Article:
Todd: If you would ever submit to deep analysis, as Larry French constantly urges you to, you would know that something in your own past prevents you from recognizing that Welles himself told people he felt guilty in the death of his father. But it's okay because back in those days, the late 1920's and 1930's, the Freudian psychologists were making a case that almost every man had harbored a desire to murder Old Dad. As you know, better than most, a whole school of Freudian Shakespeare critics sprang up around this notion.
Confession is good for the soul, Todd.
[Kruel Karl of the Ha-Ra Klub has gone in for his operation. The last time I saw him, he asked for Larry French, but I think that he has, in recent months, confused the two of you. You may be able to absolve yourself at last, by celebrating his complete recovery, seeing as how Karl suggested that YOU -- and your obsession with the perfect Gimlet -- is the reason he had to have the operation.]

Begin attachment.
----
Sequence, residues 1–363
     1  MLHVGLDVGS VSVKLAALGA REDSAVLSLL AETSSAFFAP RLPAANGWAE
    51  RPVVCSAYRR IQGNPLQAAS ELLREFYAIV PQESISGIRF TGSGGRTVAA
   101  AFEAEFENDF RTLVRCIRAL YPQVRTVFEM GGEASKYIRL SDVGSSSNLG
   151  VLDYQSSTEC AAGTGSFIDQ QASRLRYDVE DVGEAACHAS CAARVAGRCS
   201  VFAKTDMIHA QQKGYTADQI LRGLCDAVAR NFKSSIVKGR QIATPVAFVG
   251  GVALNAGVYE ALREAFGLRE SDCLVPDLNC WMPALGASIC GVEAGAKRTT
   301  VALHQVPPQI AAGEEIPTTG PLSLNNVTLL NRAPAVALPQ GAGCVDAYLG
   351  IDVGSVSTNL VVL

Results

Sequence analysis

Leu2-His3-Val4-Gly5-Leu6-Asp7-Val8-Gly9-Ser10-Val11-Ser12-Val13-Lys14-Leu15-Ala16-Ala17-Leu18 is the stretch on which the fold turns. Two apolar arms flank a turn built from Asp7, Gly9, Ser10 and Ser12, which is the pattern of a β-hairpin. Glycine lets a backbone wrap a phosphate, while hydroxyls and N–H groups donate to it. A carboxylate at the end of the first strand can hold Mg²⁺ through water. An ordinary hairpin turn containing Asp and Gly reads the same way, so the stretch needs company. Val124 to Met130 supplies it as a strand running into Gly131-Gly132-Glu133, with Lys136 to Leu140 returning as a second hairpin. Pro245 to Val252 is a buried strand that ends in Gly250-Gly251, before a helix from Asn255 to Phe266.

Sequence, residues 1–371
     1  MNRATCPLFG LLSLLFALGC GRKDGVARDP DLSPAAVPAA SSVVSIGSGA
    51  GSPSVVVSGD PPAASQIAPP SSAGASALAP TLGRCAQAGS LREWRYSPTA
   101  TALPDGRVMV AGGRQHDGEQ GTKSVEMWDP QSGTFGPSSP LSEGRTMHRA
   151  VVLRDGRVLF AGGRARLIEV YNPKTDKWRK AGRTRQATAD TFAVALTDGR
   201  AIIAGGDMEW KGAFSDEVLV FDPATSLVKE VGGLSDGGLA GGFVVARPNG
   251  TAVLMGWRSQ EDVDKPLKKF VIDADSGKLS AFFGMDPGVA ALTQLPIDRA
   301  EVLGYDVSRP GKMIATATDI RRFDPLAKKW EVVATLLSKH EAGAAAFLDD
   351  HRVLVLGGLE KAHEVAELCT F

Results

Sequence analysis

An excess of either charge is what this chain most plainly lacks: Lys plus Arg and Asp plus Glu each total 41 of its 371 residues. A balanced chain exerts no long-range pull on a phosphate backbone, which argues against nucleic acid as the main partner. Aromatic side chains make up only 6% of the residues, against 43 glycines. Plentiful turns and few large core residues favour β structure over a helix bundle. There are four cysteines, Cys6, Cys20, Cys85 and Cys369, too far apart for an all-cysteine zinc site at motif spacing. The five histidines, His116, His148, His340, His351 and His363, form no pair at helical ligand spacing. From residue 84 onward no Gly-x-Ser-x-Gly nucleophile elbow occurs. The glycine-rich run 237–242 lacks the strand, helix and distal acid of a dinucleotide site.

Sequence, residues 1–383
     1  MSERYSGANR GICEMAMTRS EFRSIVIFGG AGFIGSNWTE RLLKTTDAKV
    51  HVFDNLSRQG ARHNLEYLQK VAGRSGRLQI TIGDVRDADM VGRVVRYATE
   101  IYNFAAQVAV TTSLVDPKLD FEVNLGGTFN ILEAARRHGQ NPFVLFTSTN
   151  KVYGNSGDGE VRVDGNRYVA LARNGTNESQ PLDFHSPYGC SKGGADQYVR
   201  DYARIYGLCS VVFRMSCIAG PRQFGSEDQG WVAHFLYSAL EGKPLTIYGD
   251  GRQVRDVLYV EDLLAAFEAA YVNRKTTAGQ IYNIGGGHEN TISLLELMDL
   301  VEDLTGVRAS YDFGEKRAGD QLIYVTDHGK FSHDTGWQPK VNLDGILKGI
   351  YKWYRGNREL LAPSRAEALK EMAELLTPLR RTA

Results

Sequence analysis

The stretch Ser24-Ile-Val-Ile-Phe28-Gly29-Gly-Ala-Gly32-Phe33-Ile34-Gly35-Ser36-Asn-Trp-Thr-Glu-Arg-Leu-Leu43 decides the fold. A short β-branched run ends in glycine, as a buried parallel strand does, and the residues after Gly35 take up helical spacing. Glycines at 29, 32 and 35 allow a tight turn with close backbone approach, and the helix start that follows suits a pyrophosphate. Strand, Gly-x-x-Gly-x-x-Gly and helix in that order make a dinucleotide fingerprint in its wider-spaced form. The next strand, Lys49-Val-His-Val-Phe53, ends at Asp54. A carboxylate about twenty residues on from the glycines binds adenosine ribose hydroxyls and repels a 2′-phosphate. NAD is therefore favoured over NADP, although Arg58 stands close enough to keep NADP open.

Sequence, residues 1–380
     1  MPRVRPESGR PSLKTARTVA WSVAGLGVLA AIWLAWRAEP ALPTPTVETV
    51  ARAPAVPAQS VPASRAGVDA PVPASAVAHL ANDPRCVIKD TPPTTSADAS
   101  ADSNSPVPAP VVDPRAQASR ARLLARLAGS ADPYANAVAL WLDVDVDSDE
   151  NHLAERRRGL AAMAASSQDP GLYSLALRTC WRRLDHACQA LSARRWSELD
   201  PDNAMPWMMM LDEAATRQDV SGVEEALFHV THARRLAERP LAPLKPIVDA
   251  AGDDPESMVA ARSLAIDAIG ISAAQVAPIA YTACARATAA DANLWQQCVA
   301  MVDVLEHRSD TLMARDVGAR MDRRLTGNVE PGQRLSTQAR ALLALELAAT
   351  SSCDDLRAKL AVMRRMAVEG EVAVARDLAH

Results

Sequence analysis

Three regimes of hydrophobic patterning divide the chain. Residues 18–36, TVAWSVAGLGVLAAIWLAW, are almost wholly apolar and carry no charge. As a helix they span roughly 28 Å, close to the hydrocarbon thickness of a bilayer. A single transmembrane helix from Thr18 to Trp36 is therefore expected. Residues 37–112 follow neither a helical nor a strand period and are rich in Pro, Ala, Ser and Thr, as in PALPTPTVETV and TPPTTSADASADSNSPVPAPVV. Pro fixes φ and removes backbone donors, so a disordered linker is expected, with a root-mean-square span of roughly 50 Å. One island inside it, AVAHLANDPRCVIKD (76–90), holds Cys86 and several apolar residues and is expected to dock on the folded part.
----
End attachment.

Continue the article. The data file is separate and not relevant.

Besides, Todd, you forget that Welles produced a two-part version of Hamlet on Radio in the 1930's.
The roots of father hatred, you surely recognize, and the curious tendrils thereof, run deep in the male psyche.
Repent, Todd Baesen, repent!